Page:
Domaine Henri Gouges Nuits-St-Georges Clos des Porrets St. Georges Premier Cru 2019
This is a monopole of the domain of about nine acres. It is located just below the Perrieres. It is a former quarry of Nuits Saint Georges, which was exploited by the monks of Citeaux. Sitting on the stony pink limestone Premeaux, the Clos des Porrets is composed of calcareous scree and soil rich in clay. The wines from here express an elegant finesse after only a few years in the bottle.
Critical AcclaimAll Vintages
Barrel Sample: 91-94
Graphite, black cherry, blackberry and baking spices are the hallmarks of this opulent red, which is backed by a spine of dusty tannins that leave a tactile feel on the long finish. Best from 2024 through 2040.
Barrel Sample: 89-92
The creation of Domaine Henri Gouges was the culmination of 400 years of family grape farmers, and it is, in many minds, the top domaine in Nuits-Saint-Georges. Henri formed the domaine in 1920 but was soon discouraged with selling the fruit to négociants. He envisioned a better quality wine, and by 1933, he was producing, bottling, and selling directly. He, along with the Marquis d’Angerville from Volnay, was at the forefront of battles against fraud in Burgundy in the 1920s. In the 1930s, Monsieur Gouges was one of the people charged with the job of delineating the crus in Burgundy for the Institut National d’Appellation d’Origine, and he was a member of that regulatory body at its outset. Since the beginning, the domaine has remained an undivided family property. In 1967 Henri’s two sons, Michel and Marcel, succeeded him and added to the holdings of the estate. Each of them handed leadership over to one of their sons to bring the domaine to the next stage. Pierre and Christian began the modernization of the vineyards and the winery, which they have now turned over to Pierre’s son, Gregory, and his cousin, Antoine. While the house style has evolved, the main focus is the better reflection of the terroir in the fruit through organic viticulture. They believe that healthy vines produce quality fruit and thus more expressive terroir-driven wines.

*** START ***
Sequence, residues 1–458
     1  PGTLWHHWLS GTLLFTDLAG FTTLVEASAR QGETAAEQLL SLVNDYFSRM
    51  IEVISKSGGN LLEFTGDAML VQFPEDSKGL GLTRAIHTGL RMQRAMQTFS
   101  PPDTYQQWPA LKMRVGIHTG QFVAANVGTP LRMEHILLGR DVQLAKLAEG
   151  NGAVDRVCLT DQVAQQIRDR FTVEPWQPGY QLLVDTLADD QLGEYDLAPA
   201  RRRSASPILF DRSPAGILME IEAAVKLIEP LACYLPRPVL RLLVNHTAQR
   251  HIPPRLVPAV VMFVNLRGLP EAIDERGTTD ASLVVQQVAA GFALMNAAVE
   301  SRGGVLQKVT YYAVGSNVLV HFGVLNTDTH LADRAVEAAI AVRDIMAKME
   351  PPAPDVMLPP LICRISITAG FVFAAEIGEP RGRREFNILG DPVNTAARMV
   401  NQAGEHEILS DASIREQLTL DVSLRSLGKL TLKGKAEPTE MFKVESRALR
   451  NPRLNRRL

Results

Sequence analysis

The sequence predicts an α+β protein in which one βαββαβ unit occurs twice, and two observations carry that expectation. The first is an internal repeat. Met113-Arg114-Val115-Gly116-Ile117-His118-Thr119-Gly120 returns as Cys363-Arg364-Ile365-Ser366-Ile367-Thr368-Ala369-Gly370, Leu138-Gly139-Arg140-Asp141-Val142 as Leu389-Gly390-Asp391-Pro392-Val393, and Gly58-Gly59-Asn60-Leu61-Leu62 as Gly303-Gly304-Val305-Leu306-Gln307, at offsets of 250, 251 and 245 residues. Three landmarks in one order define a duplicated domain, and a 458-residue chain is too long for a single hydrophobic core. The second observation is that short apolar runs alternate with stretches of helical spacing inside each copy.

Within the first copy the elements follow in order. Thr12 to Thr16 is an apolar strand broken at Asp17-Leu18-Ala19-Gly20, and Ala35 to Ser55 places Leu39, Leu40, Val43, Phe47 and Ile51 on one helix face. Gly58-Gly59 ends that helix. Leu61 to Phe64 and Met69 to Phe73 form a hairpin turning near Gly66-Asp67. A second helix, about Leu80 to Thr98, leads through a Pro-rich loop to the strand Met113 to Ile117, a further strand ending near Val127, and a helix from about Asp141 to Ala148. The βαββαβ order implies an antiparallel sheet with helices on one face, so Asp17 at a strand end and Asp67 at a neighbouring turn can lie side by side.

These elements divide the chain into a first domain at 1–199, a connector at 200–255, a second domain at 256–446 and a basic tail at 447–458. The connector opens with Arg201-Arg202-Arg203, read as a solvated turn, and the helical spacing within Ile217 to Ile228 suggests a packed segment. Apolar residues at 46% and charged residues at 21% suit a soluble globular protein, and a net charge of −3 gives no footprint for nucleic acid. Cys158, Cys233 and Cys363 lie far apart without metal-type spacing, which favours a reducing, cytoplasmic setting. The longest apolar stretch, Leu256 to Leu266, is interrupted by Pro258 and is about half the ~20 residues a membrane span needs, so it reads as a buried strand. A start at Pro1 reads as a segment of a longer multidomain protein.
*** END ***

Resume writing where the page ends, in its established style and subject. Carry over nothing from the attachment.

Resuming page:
Inhabiting the bottom end of the northern half of the Côte d’Or, Nuits-St-Georges is a busy, market-driven town and home to many of Burgundy’s negociants. It is also the largest town in the Côte d’Or after Beaune and contributes "nuits" to the name of Côte de Nuits (i.e., the northern half of the Côte d’Or).
The appellation itself is divided into two parts, where in the north it directly borders Vosne-Romanée, the southerly end is the commune of Prémeaux. There are no Grands Crus in this village, though it does have a large number of Premiers Crus.
The best Nuits-St-Georges Pinot Noir are layered with cherry, plum, underbrush and sandalwood. The fruit is sweet, the wine energetic, and the finish long and lush.
Thin-skinned, finicky and temperamental, Pinot Noir is also one of the most rewarding grapes to grow and remains a labor of love for some of the greatest vignerons in Burgundy. Fairly adaptable but highly reflective of the environment in which it is grown, Pinot Noir prefers a cool climate and requires low yields to achieve high quality. Outside of France, outstanding examples come from in Oregon, California and throughout specific locations in wine-producing world. Somm Secret—André Tchelistcheff, California’s most influential post-Prohibition winemaker decidedly stayed away from the grape, claiming “God made Cabernet. The Devil made Pinot Noir.”